In terms of what to choose for our shopping bags, most people face perhaps three clear options: paper bags, plastic bags or a re-usable ‘bag for life’. Paper bags originated back in 1883, and they are produced by trees. So, for those looking to choose paper bags to carry their shopping in, just what are the various merits and demerits?
1. First of all, on the plus side, in terms of recycling, the figures for plastic bag recycling are very impressive, and as of 2007, stood at a record level of 56% being recycled. In fact, with more than 1 in 5 paper bags making it to the recycling bin, they are much more recyclable than plastic bags. This is mainly due to the fact that recycling schemes run by local councils and municipalities have been widely adopted by the public, coupled with much greater public awareness of where household rubbish goes when disposed of.
2. Paper bags are highly recyclable, as they are organic and can be returned, through bio-degradation, to a natural organic state. This means that they can have multiple eventual uses, including being used for compost by both private gardeners domestically a well as in industry and commerce.
3. Paper bags also come from a renewable source, meaning that any waste produced as a result of their manufacture is replaceable.
4. In general, paper bags are generally comprised of around one-quarter of recycled content, and the industry goal for this figure has been set at 55% to be achieved by 2012.
5. Because paper bags are easily re-used, some shops will give a discount off your total shopping bill for each bag you re-use per shopping trip. Some of this money is donated to wildlife and environmental conservation projects and organisations.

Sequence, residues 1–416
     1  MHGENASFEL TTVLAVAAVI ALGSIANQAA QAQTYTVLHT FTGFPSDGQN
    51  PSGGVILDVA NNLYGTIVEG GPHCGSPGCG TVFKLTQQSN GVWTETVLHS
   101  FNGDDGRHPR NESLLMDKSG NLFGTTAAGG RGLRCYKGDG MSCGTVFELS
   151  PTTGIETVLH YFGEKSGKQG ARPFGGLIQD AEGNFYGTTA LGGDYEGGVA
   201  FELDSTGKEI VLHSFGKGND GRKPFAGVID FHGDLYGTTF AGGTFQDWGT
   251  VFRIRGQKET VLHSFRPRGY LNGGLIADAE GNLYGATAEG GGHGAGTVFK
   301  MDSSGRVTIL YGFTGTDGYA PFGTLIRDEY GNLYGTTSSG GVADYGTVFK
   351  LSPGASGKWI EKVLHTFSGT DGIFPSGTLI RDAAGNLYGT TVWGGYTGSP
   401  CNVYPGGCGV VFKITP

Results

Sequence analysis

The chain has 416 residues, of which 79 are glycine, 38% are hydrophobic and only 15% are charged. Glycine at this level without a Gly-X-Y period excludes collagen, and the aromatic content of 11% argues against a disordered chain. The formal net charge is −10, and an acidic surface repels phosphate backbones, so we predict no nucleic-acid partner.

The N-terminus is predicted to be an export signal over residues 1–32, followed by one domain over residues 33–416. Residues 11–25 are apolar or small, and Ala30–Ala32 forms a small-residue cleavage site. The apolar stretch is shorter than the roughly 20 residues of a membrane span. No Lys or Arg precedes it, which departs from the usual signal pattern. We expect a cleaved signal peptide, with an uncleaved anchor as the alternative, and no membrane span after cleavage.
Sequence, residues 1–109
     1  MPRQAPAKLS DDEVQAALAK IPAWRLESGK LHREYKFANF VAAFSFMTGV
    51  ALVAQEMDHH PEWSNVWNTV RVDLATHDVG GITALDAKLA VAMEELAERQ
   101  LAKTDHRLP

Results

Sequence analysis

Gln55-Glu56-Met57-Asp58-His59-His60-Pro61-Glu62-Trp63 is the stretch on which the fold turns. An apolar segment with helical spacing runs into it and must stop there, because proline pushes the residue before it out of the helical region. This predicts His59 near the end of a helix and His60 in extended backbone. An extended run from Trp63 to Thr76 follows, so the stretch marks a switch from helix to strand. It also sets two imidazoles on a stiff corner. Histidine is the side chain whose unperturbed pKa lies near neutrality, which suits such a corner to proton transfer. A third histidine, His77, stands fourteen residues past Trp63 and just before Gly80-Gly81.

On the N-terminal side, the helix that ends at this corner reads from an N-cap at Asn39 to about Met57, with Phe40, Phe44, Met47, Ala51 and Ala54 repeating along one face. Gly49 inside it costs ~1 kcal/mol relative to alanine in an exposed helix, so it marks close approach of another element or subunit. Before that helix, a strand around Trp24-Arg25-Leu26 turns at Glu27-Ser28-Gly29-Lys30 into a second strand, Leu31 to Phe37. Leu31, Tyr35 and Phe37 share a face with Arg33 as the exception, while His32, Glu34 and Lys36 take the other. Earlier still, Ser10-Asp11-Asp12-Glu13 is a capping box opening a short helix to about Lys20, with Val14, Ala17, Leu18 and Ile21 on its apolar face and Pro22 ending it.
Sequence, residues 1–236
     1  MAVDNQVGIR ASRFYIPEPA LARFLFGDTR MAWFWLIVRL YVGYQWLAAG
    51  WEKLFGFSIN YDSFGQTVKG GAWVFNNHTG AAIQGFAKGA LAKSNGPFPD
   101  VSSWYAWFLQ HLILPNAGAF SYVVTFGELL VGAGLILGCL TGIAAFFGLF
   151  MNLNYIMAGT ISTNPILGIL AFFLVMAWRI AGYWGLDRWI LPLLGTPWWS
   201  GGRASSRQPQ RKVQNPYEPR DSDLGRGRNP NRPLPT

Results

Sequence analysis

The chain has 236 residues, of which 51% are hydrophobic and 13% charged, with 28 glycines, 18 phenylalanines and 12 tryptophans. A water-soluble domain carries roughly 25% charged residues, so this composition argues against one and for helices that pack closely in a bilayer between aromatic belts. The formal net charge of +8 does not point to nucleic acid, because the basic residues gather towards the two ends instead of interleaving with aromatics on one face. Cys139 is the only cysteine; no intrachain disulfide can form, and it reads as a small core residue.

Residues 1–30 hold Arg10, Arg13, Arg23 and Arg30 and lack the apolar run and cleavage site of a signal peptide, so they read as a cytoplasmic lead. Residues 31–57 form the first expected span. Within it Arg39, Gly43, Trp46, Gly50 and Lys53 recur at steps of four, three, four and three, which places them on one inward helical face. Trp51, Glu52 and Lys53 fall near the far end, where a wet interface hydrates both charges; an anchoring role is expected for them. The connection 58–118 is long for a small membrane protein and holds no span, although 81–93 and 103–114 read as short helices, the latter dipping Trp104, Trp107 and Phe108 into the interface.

6. On the debit side, paper bags require the use and destruction of natural resources, and namely, that most vital of all nature’s defences against such threats as global warming and soil erosion, the tree. Paper bag production requires the felling of many trees, which also impacts on the biological ecosystem locally.
7. In order to produce and manufacture just a single paper bag, one gallon of water is required. Conversely, the production of one plastic bag requires water levels some 50 times lower.
8. The machines necessary to fell the trees to obtain the necessary pulp to produce paper require to burn fossil fuels for their operation. The burning of these fuels produces pollution, and also results in the further depletion of fossil fuels. In fact, the production of paper bags produces some 70% more air pollution than that involved in the production of plastic bags.
9. All paper products, including paper bags, will end up in landfill sites, and paper products are bulky, and therefore place increasing demands on ever-shrinking land space. As nothing breaks down totally in landfills, our land space will continue to decrease. Paper products are the single biggest users of all landfill space.